Flippity-Flop; It’s time to stop…

The complexity and intractability of issues related to Title IX and protection from hostile learning environment are made more difficult when one considers the multitude of new memes, words, and phrases that have recently emerged.  On campuses across the country, Title IX cases have involved a bewildering array of complicated incidents and complex applications associated with hostile workplace environments and sexual misconduct.  Some of these are clear cases of criminal conduct and unspeakable trauma.  The horrific tales of Larry Nassar’s sexual assault against young women gymnasts are clearly beyond the pale and indefensible (Adams, 2018).  Rape and sexual assaults are crimes, and when they occur, severe punishment for the perpetrator is appropriate; no amount of support for the victims would seem excessive.  However, physical sexual assault has been conflated with speech alleged to create psychologically hostile environment discrimination.  Procedures that may seem necessary to support victims of physical assault have been extended to suppress bona fide free speech and  academic inquiry based on the testimony of those with their own agendas and personal demons.

Even popular politicians appear to conflate hostile environment harassment with sexual assault and suggest that considerations of administrative due process and academic freedom should be held in abeyance unless and until the innocence of the accused is proven.  For example, in a recent tweet (2:04 pm – Jan 10, 2019), presidential candidate Senator Kirsten Gillibrand demanded that: “When someone reports sexual assault or harassment, as a first step, we must listen and believe them so all allegations can be investigated fairly and properly…”  Conflating hostile environment harassment (especially if it is unintentional) with sexual assault is not helpful.  Similarly, automatically assuming all allegations are authentic is no way to ensure investigations will be fair and proper.  Educators must insist that academic freedom and administrative due process are given equal consideration.   

Compared to sexual assaults, assertions and allegations of hostile environments are usually less urgent and more political in nature; they should be open for debate and collective consideration and reconsideration.  Terms like “rape culture,” “white privilege,” and “micro-aggressions” all warrant an objective review of relevant evidence and collective conversation.  Lumping these ideas together with sexual assault depletes the resources needed to address actual crimes and, simultaneously, stymies the debate needed to refine our understanding of these complex social phenomena and develop effective, inclusive, and appropriate communal and institutional responses.   There are some cases, that are so seemingly innocuous or obviously unintentional that administrative sanctions seem to be inappropriate and disproportionately punitive.  The imposition of such punitive measures can undermine community trust in institutional integrity and diminish support for effective and inclusive learning environments.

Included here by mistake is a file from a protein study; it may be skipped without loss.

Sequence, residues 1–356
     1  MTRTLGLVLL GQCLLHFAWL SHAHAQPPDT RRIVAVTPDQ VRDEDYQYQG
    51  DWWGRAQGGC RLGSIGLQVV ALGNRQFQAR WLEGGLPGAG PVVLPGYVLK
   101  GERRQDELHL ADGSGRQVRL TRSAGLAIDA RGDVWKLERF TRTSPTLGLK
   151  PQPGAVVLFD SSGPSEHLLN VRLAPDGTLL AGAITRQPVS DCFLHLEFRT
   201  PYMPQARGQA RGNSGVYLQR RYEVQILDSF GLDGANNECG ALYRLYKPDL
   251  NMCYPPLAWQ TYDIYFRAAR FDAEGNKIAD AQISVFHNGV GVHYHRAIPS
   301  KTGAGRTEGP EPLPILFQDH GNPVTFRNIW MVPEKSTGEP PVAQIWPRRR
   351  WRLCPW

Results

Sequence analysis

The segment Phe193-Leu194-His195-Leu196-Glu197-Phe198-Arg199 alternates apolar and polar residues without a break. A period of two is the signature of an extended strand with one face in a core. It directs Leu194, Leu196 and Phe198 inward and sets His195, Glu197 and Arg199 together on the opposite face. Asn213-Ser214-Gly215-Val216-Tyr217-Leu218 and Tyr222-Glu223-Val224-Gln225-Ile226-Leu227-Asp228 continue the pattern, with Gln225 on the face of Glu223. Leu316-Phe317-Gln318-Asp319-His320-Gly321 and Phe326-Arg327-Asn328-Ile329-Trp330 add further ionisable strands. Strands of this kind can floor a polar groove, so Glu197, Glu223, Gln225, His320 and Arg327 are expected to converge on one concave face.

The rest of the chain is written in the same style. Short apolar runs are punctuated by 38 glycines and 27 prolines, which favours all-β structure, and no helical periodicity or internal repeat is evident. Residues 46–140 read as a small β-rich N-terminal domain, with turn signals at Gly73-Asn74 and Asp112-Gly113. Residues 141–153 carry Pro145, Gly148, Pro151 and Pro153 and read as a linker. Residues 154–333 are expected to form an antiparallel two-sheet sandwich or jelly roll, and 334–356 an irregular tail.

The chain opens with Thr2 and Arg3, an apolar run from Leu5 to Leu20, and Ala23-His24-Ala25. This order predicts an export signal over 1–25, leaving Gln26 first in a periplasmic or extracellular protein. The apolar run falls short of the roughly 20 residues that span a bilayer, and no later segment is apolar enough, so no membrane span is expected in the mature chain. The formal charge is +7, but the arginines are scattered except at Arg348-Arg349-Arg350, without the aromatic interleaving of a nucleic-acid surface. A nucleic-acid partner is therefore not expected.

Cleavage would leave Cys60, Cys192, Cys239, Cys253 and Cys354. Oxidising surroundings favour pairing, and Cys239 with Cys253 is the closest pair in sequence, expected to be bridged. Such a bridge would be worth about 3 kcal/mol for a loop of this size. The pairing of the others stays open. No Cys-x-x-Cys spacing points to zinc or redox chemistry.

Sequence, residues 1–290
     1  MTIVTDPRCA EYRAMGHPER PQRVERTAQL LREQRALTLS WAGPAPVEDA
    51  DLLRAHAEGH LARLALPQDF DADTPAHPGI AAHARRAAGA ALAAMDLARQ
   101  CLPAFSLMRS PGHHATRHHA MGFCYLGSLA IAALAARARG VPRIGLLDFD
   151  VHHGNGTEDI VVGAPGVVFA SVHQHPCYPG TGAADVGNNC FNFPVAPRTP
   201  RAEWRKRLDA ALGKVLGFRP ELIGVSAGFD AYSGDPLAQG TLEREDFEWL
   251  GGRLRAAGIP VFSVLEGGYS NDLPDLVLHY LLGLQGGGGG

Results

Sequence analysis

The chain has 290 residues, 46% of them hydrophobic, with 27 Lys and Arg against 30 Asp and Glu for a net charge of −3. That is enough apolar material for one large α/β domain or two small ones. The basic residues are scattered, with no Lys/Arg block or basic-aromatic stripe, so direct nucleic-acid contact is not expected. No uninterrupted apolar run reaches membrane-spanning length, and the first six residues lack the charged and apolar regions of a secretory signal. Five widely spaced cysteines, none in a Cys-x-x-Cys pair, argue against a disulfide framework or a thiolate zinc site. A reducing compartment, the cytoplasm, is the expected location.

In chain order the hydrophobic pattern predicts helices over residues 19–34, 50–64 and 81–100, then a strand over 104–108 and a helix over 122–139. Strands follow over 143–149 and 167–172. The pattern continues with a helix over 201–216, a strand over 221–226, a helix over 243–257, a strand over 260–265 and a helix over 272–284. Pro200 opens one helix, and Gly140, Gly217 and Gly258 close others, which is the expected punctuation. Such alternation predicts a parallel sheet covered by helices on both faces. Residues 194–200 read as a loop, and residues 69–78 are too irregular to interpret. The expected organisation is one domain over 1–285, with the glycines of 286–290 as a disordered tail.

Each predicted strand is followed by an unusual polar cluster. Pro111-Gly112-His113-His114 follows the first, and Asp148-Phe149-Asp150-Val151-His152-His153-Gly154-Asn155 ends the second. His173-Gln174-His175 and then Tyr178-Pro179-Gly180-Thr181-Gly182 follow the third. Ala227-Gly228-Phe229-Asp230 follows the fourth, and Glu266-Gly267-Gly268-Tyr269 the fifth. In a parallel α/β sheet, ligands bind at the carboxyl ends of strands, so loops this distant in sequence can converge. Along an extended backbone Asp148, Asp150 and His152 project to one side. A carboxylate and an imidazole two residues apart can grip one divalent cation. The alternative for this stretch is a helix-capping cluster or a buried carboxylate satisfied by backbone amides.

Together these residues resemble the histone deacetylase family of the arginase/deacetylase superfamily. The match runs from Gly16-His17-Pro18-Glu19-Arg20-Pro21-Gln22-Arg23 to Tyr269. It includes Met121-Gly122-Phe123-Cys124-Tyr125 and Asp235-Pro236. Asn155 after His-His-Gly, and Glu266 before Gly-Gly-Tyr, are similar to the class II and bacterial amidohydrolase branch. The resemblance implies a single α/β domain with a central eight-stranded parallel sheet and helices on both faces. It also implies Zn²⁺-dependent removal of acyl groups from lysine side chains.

Presenting extreme cases can be misleading.  Bell curves describe distributions of events along many theoretical psycho-social continua.  Most of the actual Title IX-related incidents with which I am familiar fall somewhere between the extremes.  Respondents to an academic survey of attitudes and perceptions related to Title IX and academic freedom judged over twenty such incidents described in scenarios drawn from real-life events.  Many of their average responses were located between 3.0 (Slightly Disagree) and 4.0 (Slightly Agree) on a 6-point Likert scale.  When asked whether the activity described in each scenario constituted a hostile environment, five scenarios were collectively rated in this small zone of high ambiguity.  When respondents were asked whether they agreed that the activity described would be protected by academic freedom, about one third (7) of the scenarios received these equivocal ratings.  In fact, only one clearly outrageous and egregious incident received an average rating more extreme than a moderate, Somewhat Disagree (2.0) or Somewhat Agree (5.0) collective rating.  Nonetheless, a plethora of dichotomous neologisms create the impression that these issues fall into bimodal distributions on singular dimensions of good and evil.  This complicates conversations among faculty members and confounds administrative due process.